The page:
Dairo Antonio Úsuga, known as Otoniel, Colombia’s most sought after drug trafficker and leader of the Clan del Golfo, has been captured at his jungle hideout by the country’s armed forces.
Colombia had offered a reward of up to 3bn pesos (about $800,000) for information concerning Otoniel’s whereabouts, while the United States government had put up a reward of $5m for help locating him.
President Iván Duque likened the arrest Saturday of Otoniel to the capture three decades ago of Pablo Escobar.
“This is the biggest blow against drug trafficking in our country this century,” Duque said during a broadcast video message. “This blow is only comparable to the fall of Pablo Escobar in the 1990s.”
One police officer died during the operation, Duque said.
After stints as a leftwing guerrilla and later paramilitary, Otoniel, 50, rose to become the leader of the criminal gang Clan del Golfo, or Gulf Clan, a drug trafficking group. The gang has about 1,200 armed men – most of them former members of far-right paramilitaries – and is present in 10 of Colombia’s 32 provinces.
Authorities said intelligence provided by the US and UK led more than 500 soldiers and members of Colombia’s special forces to Otoniel’s jungle hideout, which was protected by an eight rings of security.
Otoniel for years flew under the radar of authorities by eschewing the high profile of Colombia’s better known narcos.
He and his brother, who was killed in a raid in 2012, got their start as gunmen for the now defunct leftist guerrilla group known as the Popular Liberation Army. They later switched sides and joined the rebels’ battlefield enemies, a rightwing paramilitary group.
Otoniel refused to disarm when that militia signed a peace treaty with the government in 2006, instead delving deeper into Colombia’s criminal underworld and setting up operations in the strategic Gulf of Uraba region in northern Colombia, a major drug corridor surrounded by the Pacific Ocean and Caribbean sea on either side.
Leaks and a network of safe houses at rural homesteads allowed him for years to resist a scorched-earth campaign by the military against the Gulf Clan.
But the war was taking its toll on the fugitive, who even while on the run insisted on sleeping on orthopedic mattresses to ease a back injury. In 2017, he showed his face for the first time on occasion of Pope Francis’ visit to the country, publishing a video in which he asked for his group be allowed to lay down its weapons and demobilise as part of the country’s peace process with the much-larger Revolutionary Armed Forces of Colombia (Farc), but the plan never came to fruition.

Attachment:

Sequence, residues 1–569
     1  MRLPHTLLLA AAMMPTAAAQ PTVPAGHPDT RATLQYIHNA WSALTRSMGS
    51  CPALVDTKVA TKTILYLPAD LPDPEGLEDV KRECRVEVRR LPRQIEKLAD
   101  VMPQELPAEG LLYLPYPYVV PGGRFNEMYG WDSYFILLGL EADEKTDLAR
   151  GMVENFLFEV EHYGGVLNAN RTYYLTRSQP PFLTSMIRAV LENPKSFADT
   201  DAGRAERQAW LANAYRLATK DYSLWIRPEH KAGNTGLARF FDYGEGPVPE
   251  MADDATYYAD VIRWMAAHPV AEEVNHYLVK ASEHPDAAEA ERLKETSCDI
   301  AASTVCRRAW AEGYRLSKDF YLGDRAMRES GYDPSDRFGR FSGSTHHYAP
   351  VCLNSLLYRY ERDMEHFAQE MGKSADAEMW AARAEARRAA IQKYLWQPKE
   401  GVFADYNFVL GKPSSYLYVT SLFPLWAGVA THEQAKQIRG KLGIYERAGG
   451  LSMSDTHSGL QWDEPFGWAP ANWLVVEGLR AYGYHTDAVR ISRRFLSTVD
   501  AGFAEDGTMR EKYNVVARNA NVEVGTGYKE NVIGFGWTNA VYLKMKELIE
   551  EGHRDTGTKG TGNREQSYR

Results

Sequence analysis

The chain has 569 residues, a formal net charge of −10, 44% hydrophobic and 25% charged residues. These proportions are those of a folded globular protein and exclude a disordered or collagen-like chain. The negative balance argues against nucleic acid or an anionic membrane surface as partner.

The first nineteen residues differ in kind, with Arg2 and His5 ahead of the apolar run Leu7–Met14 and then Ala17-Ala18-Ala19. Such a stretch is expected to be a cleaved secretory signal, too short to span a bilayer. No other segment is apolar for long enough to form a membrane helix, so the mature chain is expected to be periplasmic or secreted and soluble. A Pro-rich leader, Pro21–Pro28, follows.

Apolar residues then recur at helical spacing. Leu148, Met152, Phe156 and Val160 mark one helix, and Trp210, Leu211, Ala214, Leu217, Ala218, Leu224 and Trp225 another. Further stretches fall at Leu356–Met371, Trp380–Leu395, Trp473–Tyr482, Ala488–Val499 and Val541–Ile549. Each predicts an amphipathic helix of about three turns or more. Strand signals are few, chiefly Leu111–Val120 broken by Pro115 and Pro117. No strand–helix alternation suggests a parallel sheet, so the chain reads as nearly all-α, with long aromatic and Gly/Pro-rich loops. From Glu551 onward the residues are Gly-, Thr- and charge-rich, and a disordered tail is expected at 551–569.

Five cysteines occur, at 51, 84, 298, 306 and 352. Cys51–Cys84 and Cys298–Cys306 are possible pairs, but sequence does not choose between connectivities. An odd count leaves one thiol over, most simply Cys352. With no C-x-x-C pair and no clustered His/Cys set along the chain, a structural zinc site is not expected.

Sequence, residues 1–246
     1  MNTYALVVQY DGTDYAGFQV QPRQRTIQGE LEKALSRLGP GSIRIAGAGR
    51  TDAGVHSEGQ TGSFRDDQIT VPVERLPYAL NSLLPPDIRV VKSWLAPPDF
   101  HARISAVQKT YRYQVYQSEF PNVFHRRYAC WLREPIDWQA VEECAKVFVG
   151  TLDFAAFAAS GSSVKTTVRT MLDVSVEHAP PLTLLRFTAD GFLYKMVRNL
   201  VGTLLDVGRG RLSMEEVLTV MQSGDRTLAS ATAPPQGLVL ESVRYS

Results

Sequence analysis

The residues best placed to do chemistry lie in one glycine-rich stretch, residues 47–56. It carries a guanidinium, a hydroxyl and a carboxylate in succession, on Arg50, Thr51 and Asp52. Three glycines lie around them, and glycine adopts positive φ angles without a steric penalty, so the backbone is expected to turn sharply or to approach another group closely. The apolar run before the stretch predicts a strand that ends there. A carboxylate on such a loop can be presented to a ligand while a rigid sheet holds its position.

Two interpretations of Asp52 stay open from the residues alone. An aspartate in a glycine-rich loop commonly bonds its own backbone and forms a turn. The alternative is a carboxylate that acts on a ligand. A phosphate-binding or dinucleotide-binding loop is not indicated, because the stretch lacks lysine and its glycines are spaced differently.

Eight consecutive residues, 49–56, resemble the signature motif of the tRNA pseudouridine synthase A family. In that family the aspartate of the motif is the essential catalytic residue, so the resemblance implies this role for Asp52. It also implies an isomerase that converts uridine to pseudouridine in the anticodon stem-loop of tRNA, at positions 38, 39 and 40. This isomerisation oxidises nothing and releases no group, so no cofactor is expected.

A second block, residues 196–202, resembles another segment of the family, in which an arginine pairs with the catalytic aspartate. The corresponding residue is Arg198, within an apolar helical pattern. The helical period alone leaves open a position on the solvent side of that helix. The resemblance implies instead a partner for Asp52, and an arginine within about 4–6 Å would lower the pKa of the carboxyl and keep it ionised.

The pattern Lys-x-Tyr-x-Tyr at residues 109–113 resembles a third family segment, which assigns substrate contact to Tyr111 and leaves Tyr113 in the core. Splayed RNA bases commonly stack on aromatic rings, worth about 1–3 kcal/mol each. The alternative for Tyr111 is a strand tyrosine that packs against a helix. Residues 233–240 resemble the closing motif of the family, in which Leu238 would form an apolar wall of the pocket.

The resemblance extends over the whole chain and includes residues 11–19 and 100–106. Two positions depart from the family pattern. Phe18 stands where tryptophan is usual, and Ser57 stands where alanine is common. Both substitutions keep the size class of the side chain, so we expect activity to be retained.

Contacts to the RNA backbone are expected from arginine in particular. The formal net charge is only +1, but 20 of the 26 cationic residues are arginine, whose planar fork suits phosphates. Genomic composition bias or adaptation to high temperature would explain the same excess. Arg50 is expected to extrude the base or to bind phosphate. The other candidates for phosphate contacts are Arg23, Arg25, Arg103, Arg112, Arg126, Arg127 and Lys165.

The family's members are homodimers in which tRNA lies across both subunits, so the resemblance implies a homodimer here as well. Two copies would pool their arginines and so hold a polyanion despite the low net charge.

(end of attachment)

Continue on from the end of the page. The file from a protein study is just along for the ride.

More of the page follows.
His arrest is something of a boost for the conservative president Duque, whose law and order rhetoric has been no match for soaring production of cocaine.
Though Duque said Otoniel’s capture represented the end of the Clan del Golfo, Colombia Risk Analysis director Sergio Guzman said a new leader would surely be waiting to take over.
“It’s a big deal because he’s the biggest drug kingpin in Colombia,” Guzman said, adding that the capture would not change the fundamentals of drug trafficking. “Otoniel is bound to be replaced.”
Land dedicated to the production of coca – the raw ingredient of cocaine – jumped 16% last year to a record 245,000 hectares, a level unseen in two decades of US eradication efforts, according to a White House report.
Colombian authorities launched Operation Agamemnon in 2016 as they worked to close in on Otoniel, killing and capturing dozens of his lieutenants, going after his finances and forcing him to be constantly on the move, according to the police.
In March, Colombian police and the US Drug Enforcement Agency captured Otoniel’s sister, Nini Johana Úsuga, who was extradited to the US to face charges connected to drug trafficking and money laundering.
As well as drug trafficking, Clan del Golfo is involved with illegal mining, authorities say, while the government accuses the group of threatening and killing community leaders across the country.
He was first indicted in 2009, in Manhattan federal court, on narcotics charges and for allegedly providing assistance to a far-right paramilitary group designated a terrorist organization by the US government. He also faces criminal charges in Miami, Tampa and Brooklyn federal courts.
The Associated Press and Reuters contributed to this report